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September 2nd, 2018, 07:54 AM   #1
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Question Euclid's Proof of the Infinitude of Primes

So I'm going to refer to this link that the explanation is from:
https://primes.utm.edu/notes/proofs/...e/euclids.html

Theorem.
"There are more primes than found in any finite list of primes." (Chris K. Caldwell)

Proof.
"Call the primes in our finite list p1, p2, ..., pr.
Let P be any common multiple of these primes plus one (for example, P = p1p2...pr+1). Now P is either prime or it is not.
If it is prime, then P is a prime that was not in our list. If P is not prime, then it is divisible by some prime, call it p.
Notice p can not be any of p1, p2, ..., pr, otherwise p would divide 1, which is impossible.
So this prime p is some prime that was not in our original list.
Either way, the original list was incomplete." (Chris K. Caldwell)

So all the parts of the proof is clear to me until he says:
Notice p can not be any of p1, p2, ..., pr, otherwise p would divide 1, which is impossible.

So p is a prime number that divide P in this case,
but I do not understand why p can't be any of p1, p2, ..., pr?
So using the definition of a prime number this tells me that I get 1 divided by p (1 / p) which is impossible?
Why is that impossible?
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September 2nd, 2018, 08:33 AM   #2
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He means that 1/p can't be a positive integer, as it's a fraction lying strictly between 0 and 1. The number 1 isn't considered to be a prime.
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September 2nd, 2018, 08:58 AM   #3
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Quote:
Originally Posted by DecoratorFawn82 View Post
So I'm going to refer to this link that the explanation is from:
https://primes.utm.edu/notes/proofs/...e/euclids.html

Theorem.
"There are more primes than found in any finite list of primes." (Chris K. Caldwell)

Proof.
"Call the primes in our finite list p1, p2, ..., pr.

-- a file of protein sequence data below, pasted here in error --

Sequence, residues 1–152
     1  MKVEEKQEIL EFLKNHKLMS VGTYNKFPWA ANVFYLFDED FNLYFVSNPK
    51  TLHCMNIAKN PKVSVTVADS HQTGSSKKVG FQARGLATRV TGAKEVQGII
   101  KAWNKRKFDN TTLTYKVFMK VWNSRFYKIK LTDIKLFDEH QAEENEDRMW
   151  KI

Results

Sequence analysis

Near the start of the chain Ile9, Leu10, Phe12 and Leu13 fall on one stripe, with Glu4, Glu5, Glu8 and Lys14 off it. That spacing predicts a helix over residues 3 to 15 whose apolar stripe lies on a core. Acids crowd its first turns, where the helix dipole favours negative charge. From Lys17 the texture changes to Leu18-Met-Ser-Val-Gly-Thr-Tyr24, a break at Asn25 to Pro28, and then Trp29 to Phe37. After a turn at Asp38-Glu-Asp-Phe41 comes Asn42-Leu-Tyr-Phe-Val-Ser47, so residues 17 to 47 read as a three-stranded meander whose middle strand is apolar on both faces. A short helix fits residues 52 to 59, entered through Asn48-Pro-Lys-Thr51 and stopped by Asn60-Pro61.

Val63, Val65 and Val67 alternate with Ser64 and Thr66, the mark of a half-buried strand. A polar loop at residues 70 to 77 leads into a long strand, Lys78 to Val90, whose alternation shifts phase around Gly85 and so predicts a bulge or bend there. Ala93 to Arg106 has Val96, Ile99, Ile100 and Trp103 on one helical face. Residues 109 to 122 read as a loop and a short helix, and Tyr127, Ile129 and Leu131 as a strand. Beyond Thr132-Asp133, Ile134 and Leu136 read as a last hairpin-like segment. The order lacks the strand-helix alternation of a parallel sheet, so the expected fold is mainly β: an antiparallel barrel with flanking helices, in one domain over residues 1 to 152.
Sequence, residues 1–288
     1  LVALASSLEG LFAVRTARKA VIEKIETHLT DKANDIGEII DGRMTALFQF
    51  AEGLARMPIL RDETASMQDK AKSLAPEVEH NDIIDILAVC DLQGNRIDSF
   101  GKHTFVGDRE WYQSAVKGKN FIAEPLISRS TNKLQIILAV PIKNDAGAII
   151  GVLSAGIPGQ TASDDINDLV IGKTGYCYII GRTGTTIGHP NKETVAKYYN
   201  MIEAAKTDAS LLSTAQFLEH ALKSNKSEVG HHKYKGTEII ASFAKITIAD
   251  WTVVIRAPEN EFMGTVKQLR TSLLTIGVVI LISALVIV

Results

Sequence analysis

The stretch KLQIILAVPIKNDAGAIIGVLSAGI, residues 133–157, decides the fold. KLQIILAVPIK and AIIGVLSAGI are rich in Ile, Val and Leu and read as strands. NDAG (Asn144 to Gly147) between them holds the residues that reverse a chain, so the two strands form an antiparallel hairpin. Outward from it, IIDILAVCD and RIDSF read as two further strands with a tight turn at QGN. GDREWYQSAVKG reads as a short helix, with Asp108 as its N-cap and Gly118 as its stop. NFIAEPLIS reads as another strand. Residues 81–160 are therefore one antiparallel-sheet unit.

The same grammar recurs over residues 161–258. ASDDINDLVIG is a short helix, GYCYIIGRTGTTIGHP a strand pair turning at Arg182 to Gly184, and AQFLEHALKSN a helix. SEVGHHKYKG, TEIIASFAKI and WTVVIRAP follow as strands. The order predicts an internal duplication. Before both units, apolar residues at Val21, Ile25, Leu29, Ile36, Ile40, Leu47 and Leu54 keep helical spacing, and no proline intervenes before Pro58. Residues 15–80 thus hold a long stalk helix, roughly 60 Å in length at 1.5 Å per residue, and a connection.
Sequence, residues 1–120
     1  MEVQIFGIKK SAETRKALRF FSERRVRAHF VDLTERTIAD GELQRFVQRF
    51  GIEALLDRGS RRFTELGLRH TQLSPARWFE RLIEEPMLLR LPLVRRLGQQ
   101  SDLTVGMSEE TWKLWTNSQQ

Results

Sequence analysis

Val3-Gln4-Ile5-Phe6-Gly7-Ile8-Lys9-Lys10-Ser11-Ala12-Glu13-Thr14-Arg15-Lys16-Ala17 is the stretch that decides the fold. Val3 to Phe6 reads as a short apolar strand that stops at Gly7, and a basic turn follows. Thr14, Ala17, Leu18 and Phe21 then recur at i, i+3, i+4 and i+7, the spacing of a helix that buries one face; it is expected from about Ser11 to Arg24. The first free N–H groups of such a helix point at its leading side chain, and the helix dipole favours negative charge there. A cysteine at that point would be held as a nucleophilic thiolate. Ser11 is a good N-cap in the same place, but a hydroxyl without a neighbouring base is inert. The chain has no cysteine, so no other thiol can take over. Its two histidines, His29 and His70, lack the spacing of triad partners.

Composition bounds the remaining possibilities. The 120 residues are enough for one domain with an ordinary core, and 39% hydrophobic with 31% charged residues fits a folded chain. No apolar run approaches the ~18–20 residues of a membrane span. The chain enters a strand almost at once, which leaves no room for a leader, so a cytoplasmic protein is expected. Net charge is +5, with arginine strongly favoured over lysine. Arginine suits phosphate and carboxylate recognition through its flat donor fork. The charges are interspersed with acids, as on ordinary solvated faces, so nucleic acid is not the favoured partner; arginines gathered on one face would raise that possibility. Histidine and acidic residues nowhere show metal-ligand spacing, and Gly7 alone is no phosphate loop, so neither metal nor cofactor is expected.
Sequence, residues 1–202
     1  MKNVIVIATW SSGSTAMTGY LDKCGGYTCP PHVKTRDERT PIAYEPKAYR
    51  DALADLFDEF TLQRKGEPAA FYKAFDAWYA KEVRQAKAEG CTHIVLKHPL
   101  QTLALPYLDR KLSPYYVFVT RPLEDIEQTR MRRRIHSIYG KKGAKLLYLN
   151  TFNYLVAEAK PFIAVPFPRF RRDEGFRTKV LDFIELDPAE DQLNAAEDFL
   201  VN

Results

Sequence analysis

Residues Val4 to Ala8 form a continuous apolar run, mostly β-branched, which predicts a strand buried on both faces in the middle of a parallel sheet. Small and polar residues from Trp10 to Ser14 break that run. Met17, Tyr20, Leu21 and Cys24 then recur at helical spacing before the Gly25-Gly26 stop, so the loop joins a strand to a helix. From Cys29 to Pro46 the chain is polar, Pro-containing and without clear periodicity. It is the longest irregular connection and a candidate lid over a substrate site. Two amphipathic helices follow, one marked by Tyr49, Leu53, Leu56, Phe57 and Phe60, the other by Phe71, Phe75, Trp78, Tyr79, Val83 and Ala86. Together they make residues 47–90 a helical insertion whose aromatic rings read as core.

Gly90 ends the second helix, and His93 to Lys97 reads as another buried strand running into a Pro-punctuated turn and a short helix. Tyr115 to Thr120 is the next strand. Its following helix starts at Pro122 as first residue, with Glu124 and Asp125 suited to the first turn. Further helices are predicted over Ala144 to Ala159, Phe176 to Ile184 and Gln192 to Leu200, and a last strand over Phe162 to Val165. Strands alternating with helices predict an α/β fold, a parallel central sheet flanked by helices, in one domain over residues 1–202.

Let P be any common multiple of these primes plus one (for example, P = p1p2...pr+1). Now P is either prime or it is not.
If it is prime, then P is a prime that was not in our list. If P is not prime, then it is divisible by some prime, call it p.
Notice p can not be any of p1, p2, ..., pr, otherwise p would divide 1, which is impossible.
So this prime p is some prime that was not in our original list.
Either way, the original list was incomplete." (Chris K. Caldwell)

So all the parts of the proof is clear to me until he says:
Notice p can not be any of p1, p2, ..., pr, otherwise p would divide 1, which is impossible.

So p is a prime number that divide P in this case,
but I do not understand why p can't be any of p1, p2, ..., pr?
So using the definition of a prime number this tells me that I get 1 divided by p (1 / p) which is impossible?
Why is that impossible?
If you have a sum of the form $A = B + C$ and a number $p$, divides both $A$ and $B$, then it must also divide $C$. In this case your sum looks like $P = p_1 \cdot ... \cdot p_r + 1$.
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September 2nd, 2018, 10:11 AM   #4
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Quote:
Originally Posted by DecoratorFawn82 View Post

So p is a prime number that divide P in this case,
but I do not understand why p can't be any of p1, p2, ..., pr?
Because dividing $p_1 p_2 \dots p_r + 1$ by any of the $p_i$'s leaves a remainder of 1.
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September 2nd, 2018, 10:23 AM   #5
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So p is a prime number that divide P in this case,
but I do not understand why p can't be any of p1, p2, ..., pr?